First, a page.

Peshawar: Never mind the big league politicians and their tech savvy PR wizards, the humble contestants of local elections in Khyber Pakhtunkwa are setting the social media alight, lending it the “grassroots” feel it sorely needs.
Ahead of the May 30 Local Government Elections in Khyber Pakhtunkhwa, contestants in villages and towns have taken to social media like fish to water.
According to the Pakistan Advertisers’ Society, there are 13 million Facebook users in Pakistan, with 72% of those male and with the bulk of them between the ages of 18 – 34 years of age. Of the 13 million, 3 million hail from Karachi; Lahore bags second place with 2.6 million users and Islamabad third with 1.9 million users. Next falls Peshawar with 500k and Quetta with 200k active Facebook enthusiasts.
As General Elections 2013 established, social media in Pakistan has emerged as a vibrant platform for political and election campaigns with candidates sharing campaign manifestos, engaging with their constituencies and reaching out to supporters to win the elections.
Come Local Elections 2015 in Khyber Pakhtunkhwa where the campaign is as frenzied in the towns and villages as it is in the cities, and the relatives and villagers supporting different contestants have shared political banners, pictures and promises on Facebook – that provides for posts in vernacular – to seek support for candidates in their villages, tehsils, towns and district councils.
According to figures available on the web portal of Election commission of Pakistan, 93231 candidates would contest 43,954 slots in local government polls across the province against different seats including village councilors, tehsil/town councilors and district councilors.
With free Facebook where users can generate contents of their own wish, candidates have been asking supporters with Facebook presence to share political banners on their timeline to reach out to thousands of users.
Abdul Karim, a student in a private university at Peshawar and administrator of a Facebook page with more than 10,000 followers has had “requests” from contestants to share their posters on his timeline to reach out to potential voters.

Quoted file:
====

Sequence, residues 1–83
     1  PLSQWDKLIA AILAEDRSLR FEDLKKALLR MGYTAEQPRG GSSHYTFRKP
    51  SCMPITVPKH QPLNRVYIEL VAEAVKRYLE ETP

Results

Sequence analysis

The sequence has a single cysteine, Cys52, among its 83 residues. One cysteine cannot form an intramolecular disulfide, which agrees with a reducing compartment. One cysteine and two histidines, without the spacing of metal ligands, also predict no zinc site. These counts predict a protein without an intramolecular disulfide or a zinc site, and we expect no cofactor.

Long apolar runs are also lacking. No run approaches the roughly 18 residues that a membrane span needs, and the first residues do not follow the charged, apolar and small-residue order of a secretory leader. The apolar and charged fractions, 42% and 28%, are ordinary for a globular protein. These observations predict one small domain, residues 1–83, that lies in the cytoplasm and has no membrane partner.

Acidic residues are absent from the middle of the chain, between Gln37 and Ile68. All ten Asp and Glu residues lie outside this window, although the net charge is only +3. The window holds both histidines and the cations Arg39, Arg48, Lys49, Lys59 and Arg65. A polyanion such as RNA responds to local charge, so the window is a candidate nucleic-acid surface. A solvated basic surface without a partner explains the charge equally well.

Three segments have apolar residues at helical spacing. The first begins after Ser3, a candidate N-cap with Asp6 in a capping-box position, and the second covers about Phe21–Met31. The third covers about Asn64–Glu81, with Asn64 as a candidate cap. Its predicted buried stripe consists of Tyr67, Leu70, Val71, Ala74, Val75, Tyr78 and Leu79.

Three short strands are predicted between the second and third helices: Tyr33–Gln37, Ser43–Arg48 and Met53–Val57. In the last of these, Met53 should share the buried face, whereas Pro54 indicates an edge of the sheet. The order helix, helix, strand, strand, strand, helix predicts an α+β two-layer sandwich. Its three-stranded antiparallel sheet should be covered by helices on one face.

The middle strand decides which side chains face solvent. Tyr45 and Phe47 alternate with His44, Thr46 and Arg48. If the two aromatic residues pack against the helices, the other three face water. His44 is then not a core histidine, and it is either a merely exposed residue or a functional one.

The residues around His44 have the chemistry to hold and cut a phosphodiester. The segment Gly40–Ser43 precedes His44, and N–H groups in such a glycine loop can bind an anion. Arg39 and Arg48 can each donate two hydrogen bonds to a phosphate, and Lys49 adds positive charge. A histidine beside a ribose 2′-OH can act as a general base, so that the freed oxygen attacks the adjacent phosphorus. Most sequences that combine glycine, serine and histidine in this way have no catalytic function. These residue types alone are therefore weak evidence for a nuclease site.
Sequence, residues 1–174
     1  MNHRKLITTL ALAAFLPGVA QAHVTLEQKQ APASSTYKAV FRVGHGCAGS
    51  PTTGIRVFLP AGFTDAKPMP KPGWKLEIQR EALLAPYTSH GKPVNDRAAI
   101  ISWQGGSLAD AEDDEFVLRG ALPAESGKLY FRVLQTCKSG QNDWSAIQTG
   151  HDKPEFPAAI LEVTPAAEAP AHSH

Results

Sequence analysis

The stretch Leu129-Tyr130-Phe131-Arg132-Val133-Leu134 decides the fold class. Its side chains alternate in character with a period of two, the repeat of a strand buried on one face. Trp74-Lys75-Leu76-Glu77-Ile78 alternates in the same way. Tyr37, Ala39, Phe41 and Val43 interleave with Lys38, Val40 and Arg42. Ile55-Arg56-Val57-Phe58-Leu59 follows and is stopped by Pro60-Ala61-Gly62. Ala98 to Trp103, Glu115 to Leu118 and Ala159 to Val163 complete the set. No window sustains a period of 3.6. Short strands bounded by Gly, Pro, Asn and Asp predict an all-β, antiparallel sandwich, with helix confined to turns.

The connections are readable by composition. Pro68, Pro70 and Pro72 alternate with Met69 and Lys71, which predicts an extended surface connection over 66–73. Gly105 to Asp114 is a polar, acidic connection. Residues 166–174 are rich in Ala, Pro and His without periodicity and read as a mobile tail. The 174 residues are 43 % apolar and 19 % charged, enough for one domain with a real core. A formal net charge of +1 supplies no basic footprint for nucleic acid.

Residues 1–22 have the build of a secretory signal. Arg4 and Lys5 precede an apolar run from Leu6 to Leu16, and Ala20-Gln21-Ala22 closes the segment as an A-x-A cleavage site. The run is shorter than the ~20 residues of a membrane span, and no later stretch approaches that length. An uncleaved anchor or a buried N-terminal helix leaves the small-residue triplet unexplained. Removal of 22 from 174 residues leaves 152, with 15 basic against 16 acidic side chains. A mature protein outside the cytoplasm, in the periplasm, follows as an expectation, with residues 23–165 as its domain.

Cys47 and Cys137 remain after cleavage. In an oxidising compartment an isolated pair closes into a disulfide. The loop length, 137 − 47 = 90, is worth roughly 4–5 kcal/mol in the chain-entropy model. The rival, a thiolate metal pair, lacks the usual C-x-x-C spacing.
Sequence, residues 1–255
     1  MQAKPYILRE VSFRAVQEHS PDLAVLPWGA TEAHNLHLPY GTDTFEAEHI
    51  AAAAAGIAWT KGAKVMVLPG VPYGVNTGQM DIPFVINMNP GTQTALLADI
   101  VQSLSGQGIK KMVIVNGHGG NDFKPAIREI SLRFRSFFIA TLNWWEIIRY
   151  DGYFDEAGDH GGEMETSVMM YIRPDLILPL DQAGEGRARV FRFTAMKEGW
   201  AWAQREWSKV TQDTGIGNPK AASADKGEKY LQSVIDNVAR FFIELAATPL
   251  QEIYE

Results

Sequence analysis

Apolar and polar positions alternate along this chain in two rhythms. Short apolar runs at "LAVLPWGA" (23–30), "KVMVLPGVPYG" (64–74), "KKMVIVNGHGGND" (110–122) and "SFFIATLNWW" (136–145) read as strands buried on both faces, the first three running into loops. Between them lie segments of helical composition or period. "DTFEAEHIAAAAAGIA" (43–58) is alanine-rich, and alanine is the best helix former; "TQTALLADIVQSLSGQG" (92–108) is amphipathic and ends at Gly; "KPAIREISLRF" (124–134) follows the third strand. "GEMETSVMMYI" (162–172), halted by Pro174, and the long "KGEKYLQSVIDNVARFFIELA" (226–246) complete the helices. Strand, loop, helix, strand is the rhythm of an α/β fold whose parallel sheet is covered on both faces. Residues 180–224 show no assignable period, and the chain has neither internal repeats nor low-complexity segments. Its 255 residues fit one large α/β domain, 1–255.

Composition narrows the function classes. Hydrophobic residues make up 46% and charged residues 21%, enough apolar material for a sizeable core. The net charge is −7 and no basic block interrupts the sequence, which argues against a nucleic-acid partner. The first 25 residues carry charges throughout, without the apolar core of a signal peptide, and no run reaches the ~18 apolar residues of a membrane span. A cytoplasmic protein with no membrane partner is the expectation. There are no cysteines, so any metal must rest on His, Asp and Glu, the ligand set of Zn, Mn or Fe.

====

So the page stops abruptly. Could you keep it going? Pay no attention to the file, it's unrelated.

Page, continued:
“I feel like a celebrity when candidates request for a political favor on my page,” Karim, smiling, told News Lens.
However, while the possibility of a free Facebook campaign has buoyed spirits of candidates and their supporters who want to reach out to voters beyond the cost and confines of traditional media and electioneering, it has dampened prospects elsewhere Professionals dealing in distribution, advertising and sales of newspapers consider the trend of campaigns on social media as a serious concern for circulation and commercial prospects of newspapers.
Abdur Rauf Yousafzai, Sales and Distribution Manager of the Express Media Group for KP told News Lens that as a large number of candidates turn to social media instead of traditional media to campaign for elections, it has squeezed the profits of newspapers compared to electioneering in the past.
Another concern for newspaper business is the drop in circulation. Yousafzai said before social media, newspaper circulation marked an increase over the years but it has been plummeting for quite sometime now.
“Candidates interacting with supporters and political parties through social media have millions of followers on their pages compared to those who don’t,” said Yousafzai. “It is free so why would they want to spend millions on newspapers advertisements?”
Rahimullah Khan, 40, a candidate for the seat of general counselor from Peshawar, has been using his Facebook page for political campaigning long before the local election campaign started in Khyber Pakhtunkhwa.
He bought a smartphone with internet connection that he uses for long hours to interact with supporters on Facebook, responding to their questions and comments. He said the campaign on social media was far better than publishing adverts worth thousands of rupees.
“I get instant satisfaction whenever a user comments on my poster saying ‘my vote for you,” said Khan. “This kind of interaction cannot happen through traditional media”.
He said he interacted with his friends through live Facebook chatting which not only encouraged him and his supporters but also gave him an edge over political opponents.
Javed Aziz Khan, a Peshawar-based journalist who has been closely monitoring the local elections campaign on social media says that its use as a campaign tool is largely restricted to educated candidates and supporters based in urban areas.
“It is not being used all that much in rural areas as the population there has little access to internet,” said Khan.
Khan, who is an active user of Facebook and Twitter believes political campaigns on social media have an edge when it comes to promoting candidates in local government elections but traditional means of reaching out to supporters remain relevant.
“Social media could have a huge impact on election prospects of a candidate but traditional means such as posters and rallies cannot be discounted yet,” said Khan.
Khan also considers social media as a preferable platform for campaigning in local government election because most candidates hail from poor backgrounds. He said free social media outlets had reduced the cost of electioneering such as printing posters and banners for poor contestants.